In a disturbingly similar parallel to Chile’s dictatorship, Nicaragua endured a 43-year military dictatorship instated by Anastasio Somoza in 1936 and enforced until 1979 by his two sons, first Luis Somoza and then Anastasio Somoza. Like that of Pinochet in Chile, the Somoza regime was fueled by U.S. funds and support. The U.S. installed Somoza in power by helping him mastermind the assassination of Augusto Sandino, the leader of the resistance to the U.S. occupation of Nicaragua. The U.S. Marines, having occupied Nicaragua since 1912, were expelled from the country by General Sandino in 1933 and thereafter employed the Somoza dynasty and 

their U.S.-trained National Guard as a strategy to sustain their influence over the region. The followers of Sandino, the Sandinistas, did not retake power until 1979, when they overthrew the last of the Somozas. In September 1978 at the time of Wessing’s visit, the regime controlled all aspects of Nicaraguan lives, from the economy, wealth, and land to elections and media. Somoza’s greed and abuse particularly persecuted and starved the country’s large population of campesinos, whom Wessing spent much of his time photographing.

About Alfredo Jaar:
Alfredo Jaar is an artist, architect, and filmmaker who lives and works in New York. He has participated in the Biennales of Venice (1986, 2007, 2009, 2013), São Paulo (1985, 1987, 2010), as well as Documenta (1987, 2002) in Kassel. A selection of recent solo museum exhibitions since his last show at the gallery include SKMU, Norway; KIASMA, Helsinki; and Parque de la Memoria, Buenos Aires, (2014); Fondazione Merz, Torino (2013); Berlinische Gallery, Neue Gesellschaft fur bildende Kunst e.V.; and Alte Nationalgalerie, Berlin (2012); Stedelijk Museum, Amsterdam (2011); Hangar Bicocca and Spazio Oberdan, Milan (2009). In 2013 Alfredo Jaar represented Chile at the 55th Venice Biennale. He recently completed two important public commissions: The Geometry of Conscience, a memorial located next to the recently opened Museum of Memory and Human Rights in Santiago de Chile, and Blind Spot, a memorial to the disappeared in Buenos Aires. More than 50 monographic publications have been published about his work; the most recent is Tonight No Poetry Will Serve, published by KIASMA, Helsinki. Jaar became a Guggenheim Fellow in 1985 and a MacArthur Fellow in 2000. In conjunction with his exhibition at Lelong, Jaar will lecture at the 92nd Street Y on March 12, 2015.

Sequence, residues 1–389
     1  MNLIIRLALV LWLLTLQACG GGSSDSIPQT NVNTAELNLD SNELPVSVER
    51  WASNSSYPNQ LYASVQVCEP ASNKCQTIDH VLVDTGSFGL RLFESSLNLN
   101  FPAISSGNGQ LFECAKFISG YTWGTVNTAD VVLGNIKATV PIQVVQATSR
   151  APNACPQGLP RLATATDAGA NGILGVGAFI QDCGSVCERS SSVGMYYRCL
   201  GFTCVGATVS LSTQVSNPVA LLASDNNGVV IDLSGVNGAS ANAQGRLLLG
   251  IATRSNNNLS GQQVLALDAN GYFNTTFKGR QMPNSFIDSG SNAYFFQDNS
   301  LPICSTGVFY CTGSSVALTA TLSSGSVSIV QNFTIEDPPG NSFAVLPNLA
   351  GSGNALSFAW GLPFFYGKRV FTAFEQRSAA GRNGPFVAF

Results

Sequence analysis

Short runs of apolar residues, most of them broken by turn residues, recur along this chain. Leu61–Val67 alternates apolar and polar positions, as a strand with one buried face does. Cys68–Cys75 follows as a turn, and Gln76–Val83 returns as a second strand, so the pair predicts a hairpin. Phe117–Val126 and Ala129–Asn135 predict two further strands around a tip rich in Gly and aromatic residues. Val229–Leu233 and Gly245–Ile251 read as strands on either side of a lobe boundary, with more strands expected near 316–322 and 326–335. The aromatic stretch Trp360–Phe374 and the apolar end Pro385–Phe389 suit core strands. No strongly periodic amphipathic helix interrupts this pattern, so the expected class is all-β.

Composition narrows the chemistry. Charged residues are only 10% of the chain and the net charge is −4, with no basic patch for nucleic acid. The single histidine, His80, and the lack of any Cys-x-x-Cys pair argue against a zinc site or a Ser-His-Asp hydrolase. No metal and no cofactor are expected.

Alfredo Jaar
Shadows, 2014

Installation with LED lights, aluminum, video projection and six lightboxes with black and white transparencies
Lightboxes: 12 x 13 inches (30.5 x 33 cm) each
Projection: 116 x 174 inches (294.6 x 442 cm)
Overall dimensions variable
Lighting engineering by Tommy Voeten
Original photographs by Koen Wessing (1942-2011): Estelí, Nicaragua, September 1978
The collection and copyright of Koen Wessing is administered by the Nederlands Fotomuseum, Rotterdam
Premiered at the SCAD Museum of Art, Feb. 18 – June 29, 2014
With generous support from SCAD and the Ford Foundation

Special thanks Kasper, Karijn, Marie and Merel Wessing.